In general, the top layer of soil is considered to be topsoil. The topsoil layer is, on average, about 6 to 10 inches thick to a couple of feet thick, depending on its geographical location. It has a higher organic matter content than lower soil layers and is where the soil’s biological activity takes place. Topsoil consists of minerals, microorganisms and decomposing organic matter. A good topsoil should have a loose, open structure so that it is well-draining, a medium-dark brown color and have a good level of moisture retention. Gardeners can purchase locally harvested topsoil and have it blended with compost in a ratio recommended by soil test results for their property. In many cases, topsoil may already have a high organic matter content and can be used as is without further amending. Much of the commercially available bagged “topsoil” products are blended with minerals and organic matter and bagged when the soil particle size is relatively small. These products can be very high in organic matter (rich, dark brown, almost black, in color) and are meant to be blended with the existing topsoil.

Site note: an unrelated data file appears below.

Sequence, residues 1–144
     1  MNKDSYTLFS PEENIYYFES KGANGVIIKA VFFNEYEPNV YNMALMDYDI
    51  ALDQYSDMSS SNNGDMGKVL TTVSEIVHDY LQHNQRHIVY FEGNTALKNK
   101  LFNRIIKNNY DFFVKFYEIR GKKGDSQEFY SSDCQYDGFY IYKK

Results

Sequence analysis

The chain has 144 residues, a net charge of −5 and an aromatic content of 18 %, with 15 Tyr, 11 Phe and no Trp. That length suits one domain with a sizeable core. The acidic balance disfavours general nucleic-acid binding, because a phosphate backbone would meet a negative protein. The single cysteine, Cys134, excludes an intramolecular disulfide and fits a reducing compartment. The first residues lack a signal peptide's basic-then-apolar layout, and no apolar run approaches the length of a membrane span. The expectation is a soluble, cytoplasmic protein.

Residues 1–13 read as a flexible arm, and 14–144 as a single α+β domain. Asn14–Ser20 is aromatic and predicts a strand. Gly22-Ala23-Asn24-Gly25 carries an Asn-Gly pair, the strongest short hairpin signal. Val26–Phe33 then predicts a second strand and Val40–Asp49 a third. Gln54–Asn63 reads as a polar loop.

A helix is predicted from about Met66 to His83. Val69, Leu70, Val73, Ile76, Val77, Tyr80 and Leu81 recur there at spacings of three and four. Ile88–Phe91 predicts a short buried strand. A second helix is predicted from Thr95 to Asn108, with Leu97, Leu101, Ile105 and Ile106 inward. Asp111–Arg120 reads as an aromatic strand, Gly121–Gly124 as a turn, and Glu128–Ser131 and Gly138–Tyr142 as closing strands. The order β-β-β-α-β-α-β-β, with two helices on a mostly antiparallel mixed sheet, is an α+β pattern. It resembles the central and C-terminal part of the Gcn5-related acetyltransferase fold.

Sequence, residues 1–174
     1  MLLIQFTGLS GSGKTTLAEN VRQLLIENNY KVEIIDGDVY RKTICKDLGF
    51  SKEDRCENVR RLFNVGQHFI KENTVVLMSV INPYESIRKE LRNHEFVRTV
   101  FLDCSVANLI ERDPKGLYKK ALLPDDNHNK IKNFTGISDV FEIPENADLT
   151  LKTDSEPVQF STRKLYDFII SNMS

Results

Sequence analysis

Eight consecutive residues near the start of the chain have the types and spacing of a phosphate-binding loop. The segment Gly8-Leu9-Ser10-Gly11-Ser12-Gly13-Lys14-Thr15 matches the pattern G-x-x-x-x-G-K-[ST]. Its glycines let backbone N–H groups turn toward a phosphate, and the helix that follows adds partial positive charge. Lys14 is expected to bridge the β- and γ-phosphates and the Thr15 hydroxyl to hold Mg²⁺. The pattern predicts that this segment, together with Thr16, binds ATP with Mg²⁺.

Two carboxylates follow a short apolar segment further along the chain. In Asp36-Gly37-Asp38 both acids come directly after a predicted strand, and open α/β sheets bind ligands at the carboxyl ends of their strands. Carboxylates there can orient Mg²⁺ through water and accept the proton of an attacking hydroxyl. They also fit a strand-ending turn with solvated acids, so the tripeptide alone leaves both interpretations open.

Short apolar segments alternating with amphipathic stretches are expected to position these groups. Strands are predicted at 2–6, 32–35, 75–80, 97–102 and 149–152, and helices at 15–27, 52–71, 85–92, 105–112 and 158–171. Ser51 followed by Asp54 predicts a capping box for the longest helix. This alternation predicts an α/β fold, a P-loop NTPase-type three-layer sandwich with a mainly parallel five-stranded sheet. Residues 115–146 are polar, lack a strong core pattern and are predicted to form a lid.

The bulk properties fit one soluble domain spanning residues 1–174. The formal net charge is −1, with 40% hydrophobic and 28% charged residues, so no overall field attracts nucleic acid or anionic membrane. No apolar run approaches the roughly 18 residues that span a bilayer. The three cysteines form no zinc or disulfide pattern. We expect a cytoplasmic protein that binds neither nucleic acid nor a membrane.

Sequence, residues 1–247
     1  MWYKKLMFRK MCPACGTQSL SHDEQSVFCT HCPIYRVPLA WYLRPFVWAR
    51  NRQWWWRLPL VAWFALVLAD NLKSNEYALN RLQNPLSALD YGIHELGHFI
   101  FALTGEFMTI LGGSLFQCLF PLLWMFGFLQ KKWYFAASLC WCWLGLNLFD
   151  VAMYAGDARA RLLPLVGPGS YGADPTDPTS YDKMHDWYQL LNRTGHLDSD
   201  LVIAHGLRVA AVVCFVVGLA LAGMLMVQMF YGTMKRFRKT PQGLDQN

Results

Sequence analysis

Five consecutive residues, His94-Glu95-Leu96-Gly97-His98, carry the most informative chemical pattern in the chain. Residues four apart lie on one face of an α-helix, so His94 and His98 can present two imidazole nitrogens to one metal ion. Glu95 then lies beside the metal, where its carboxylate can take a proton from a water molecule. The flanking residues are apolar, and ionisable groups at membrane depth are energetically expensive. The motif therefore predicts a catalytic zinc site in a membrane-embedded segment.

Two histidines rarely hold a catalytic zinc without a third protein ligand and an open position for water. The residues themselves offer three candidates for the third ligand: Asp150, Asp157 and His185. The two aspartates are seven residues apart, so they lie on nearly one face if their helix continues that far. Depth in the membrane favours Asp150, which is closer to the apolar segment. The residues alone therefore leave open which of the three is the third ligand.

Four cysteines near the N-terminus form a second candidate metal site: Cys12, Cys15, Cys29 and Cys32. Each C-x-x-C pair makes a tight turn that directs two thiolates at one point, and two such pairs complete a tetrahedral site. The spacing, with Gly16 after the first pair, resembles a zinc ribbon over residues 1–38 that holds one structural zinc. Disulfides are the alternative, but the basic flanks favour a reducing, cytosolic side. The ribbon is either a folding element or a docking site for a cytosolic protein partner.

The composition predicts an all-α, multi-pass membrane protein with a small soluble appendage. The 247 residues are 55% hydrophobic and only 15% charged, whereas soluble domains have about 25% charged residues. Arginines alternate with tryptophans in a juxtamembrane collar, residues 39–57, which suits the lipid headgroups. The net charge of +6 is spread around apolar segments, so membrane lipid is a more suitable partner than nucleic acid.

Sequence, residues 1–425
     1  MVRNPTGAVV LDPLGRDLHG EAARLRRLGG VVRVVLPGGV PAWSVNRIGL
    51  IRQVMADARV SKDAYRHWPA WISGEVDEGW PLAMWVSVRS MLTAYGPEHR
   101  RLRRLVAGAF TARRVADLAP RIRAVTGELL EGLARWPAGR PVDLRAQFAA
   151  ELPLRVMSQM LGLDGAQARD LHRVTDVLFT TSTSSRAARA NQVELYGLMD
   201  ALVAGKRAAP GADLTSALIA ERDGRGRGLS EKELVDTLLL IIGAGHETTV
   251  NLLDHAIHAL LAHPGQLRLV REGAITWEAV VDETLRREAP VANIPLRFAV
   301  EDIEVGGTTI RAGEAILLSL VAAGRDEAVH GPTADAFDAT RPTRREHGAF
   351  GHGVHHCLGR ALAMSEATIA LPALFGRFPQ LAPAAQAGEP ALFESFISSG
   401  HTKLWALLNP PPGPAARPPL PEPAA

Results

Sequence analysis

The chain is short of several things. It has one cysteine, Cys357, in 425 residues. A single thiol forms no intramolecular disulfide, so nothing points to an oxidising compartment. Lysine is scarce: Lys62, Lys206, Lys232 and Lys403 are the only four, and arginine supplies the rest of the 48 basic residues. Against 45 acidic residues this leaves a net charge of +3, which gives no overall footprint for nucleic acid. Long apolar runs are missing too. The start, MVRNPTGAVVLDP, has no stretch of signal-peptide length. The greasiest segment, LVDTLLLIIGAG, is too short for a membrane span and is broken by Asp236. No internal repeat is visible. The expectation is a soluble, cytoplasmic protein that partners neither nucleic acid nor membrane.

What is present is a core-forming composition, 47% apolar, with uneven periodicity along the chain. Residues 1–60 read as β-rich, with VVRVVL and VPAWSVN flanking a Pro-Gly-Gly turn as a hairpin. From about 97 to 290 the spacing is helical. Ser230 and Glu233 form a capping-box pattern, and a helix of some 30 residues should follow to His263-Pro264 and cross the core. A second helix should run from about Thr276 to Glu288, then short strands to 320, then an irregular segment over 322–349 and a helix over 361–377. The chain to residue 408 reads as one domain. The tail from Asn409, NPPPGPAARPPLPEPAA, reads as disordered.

Mulch is any organic material that is spread over the surface of the soil, the most common being shredded bark or shredded leaves. It is considered a soil amendment, even though it is not tilled or turned into the soil, because it continues to decompose and improves the soil over time. Shredded hardwood bark and shredded leaf mulch are the most commonly used mulches.

The benefits of adding mulch are:

  • helps prevent and reverse soil compaction
  • provides insulation from temperature extremes of the seasons
  • reduces evaporation at soil surface and conserves moisture in the soil
  • helps control weeds and weed seed germination
  • adds organic matter into the soil through decomposition of mulch
  • reduces soil erosion
  • improves the overall health of the plants and soil
  • improves aesthetics of the planting bed and provides a manicured look

Organic mulches:

Shredded hardwood bark mulch – Comprised of hardwood (predominantly oak species) bark only, this comes in a few forms: shredded, twice or triple ground. Since Eastern Missouri is in a primarily hardwood forest (oak-hickory), this is the most commonly available mulch. It is less expensive than other tree species from farther away or than treated/dyed mulches.